These two sentences, from Secretary of State Clinton’s groundbreaking speech on Internet freedom, sum up beautifully the challenge facing our Internet policy. An open Internet can advance our values and support our interests; but we will only get there if we make some difficult choices now.

One of these choices relates to anonymity. Will it be easy to speak anonymously on the Internet, or not? This was the subject of the first question in the post-speech Q&A:

QUESTION: You talked about anonymity on line and how we have to prevent that. But you also talk about censorship by governments. And I’m struck by – having a veil of anonymity in certain situations is actually quite beneficial. So are you looking to strike a balance between that and this emphasis on censorship?

SECRETARY CLINTON: Absolutely. I mean, this is one of the challenges we face. On the one hand, anonymity protects the exploitation of children. And on the other hand, anonymity protects the free expression of opposition to repressive governments. Anonymity allows the theft of intellectual property, but anonymity also permits people to come together in settings that gives them some basis for free expression without identifying themselves.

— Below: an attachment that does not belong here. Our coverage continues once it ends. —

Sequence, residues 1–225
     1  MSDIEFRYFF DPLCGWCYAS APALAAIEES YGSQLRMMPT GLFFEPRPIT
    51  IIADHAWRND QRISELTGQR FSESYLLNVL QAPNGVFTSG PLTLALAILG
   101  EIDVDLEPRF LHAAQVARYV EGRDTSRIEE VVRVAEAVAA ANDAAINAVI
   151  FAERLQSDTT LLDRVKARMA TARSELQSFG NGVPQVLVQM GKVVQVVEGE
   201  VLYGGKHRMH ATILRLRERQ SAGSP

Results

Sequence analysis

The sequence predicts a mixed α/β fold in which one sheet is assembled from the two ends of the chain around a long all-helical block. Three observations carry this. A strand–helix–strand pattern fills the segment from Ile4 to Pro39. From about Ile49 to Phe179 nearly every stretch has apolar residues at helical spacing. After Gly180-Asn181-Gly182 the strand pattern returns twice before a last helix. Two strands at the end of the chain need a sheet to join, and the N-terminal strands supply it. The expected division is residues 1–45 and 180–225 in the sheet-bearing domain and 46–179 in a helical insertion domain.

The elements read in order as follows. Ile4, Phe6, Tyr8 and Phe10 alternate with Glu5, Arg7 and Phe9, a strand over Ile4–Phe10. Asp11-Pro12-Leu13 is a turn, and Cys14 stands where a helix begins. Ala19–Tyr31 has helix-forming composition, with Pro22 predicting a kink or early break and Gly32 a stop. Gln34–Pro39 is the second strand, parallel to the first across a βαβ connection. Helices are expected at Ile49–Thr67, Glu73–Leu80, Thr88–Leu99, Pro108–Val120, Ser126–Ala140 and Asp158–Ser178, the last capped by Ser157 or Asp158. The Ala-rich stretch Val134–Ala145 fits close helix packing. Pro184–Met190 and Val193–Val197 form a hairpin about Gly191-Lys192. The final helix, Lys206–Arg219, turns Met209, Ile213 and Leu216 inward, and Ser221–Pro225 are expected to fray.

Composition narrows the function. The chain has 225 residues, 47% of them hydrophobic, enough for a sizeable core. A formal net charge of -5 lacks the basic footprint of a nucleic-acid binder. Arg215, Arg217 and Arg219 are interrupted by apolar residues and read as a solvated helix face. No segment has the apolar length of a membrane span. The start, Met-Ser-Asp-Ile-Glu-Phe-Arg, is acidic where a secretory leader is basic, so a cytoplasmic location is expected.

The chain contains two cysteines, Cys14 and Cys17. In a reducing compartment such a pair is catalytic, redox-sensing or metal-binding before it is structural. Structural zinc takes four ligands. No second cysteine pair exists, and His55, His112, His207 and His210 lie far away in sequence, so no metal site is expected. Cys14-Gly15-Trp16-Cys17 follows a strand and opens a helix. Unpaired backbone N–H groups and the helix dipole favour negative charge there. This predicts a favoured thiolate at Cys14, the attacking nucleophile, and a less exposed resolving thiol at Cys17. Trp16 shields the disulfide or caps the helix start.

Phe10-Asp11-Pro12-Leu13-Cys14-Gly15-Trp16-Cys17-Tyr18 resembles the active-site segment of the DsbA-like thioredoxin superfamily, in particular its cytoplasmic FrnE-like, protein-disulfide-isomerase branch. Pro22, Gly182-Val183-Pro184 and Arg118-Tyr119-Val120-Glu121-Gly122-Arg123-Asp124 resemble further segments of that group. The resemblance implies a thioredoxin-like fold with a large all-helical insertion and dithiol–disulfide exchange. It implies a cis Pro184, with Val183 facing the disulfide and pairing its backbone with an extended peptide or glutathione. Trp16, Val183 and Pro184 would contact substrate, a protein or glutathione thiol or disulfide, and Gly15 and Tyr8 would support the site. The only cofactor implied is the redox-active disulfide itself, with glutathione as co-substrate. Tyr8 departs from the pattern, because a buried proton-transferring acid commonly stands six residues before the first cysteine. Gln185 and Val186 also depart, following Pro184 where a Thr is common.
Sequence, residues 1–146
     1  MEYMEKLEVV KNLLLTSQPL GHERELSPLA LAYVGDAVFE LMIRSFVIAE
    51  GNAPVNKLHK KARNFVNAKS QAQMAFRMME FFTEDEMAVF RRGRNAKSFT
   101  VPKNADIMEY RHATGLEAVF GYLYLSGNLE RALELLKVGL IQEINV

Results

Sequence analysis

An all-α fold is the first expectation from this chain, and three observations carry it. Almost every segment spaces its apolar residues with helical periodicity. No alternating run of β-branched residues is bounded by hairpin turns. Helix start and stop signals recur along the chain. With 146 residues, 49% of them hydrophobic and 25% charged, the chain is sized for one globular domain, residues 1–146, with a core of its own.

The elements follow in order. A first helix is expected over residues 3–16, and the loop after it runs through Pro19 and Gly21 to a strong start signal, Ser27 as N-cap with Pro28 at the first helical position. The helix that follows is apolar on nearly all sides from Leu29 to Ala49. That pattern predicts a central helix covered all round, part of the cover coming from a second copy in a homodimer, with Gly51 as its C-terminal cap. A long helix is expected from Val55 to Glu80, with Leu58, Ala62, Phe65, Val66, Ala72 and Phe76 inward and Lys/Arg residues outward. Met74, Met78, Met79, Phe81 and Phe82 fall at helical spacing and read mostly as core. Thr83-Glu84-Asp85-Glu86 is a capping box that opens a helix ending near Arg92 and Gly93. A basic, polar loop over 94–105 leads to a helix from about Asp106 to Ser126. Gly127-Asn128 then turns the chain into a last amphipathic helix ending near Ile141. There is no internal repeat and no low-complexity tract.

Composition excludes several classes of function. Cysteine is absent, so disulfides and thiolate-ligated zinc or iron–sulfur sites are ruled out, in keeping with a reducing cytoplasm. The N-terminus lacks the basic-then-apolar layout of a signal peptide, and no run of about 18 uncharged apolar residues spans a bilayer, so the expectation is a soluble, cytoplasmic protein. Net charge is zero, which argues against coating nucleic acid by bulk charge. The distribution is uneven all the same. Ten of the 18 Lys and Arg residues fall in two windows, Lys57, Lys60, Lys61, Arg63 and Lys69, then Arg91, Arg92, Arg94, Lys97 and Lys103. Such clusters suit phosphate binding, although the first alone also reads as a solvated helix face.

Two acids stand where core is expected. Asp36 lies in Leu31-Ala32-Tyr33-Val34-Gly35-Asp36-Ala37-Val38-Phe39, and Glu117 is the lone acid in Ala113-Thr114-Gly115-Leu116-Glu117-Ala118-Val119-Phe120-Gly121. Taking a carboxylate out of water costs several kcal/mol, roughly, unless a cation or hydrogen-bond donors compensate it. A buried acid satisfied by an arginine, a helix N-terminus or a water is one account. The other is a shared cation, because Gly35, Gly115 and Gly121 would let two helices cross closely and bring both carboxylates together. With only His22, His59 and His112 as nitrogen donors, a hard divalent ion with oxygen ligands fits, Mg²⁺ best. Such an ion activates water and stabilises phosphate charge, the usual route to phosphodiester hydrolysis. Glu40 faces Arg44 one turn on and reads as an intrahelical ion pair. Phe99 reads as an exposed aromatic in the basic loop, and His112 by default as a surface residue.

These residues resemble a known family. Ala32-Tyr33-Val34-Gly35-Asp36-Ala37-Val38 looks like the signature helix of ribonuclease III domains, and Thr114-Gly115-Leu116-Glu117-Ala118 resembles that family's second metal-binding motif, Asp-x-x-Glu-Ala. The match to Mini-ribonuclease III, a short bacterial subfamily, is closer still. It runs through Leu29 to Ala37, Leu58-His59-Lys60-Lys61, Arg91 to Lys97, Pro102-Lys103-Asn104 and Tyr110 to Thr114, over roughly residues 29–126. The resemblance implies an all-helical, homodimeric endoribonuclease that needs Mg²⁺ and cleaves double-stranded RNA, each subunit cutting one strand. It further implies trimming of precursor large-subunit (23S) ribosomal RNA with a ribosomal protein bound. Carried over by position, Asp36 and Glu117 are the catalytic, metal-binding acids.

None of this will be easy. I think that’s a fair statement. I think, as I said, we all have varying needs and rights and responsibilities. But I think these overriding principles should be our guiding light. We should err on the side of openness and do everything possible to create that, recognizing, as with any rule or any statement of principle, there are going to be exceptions.

So how we go after this, I think, is now what we’re requesting many of you who are experts in this area to lend your help to us in doing. We need the guidance of technology experts. In my experience, most of them are younger than 40, but not all are younger than 40. And we need the companies that do this, and we need the dissident voices who have actually lived on the front lines so that we can try to work through the best way to make that balance you referred to.

Secretary Clinton’s answer is trying to balance competing interests, which is what good politicians do. If we want A, and we want B, and A is in tension with B, can we have some A and some B together? Is there some way to give up a little A in exchange for a lot of B? That’s a useful way to start the discussion.

But sometimes you have to choose — sometimes A and B are profoundly incompatible. That seems to be the case here. Consider the position of a repressive government that wants to spy on a citizen’s political speech, as compared to the position of the U.S. government when it wants to eavesdrop on a suspect’s conversations under a valid search warrant. The two positions are very different morally, but they are pretty much the same technologically. Which means that either both governments can eavesdrop, or neither can. We have to choose.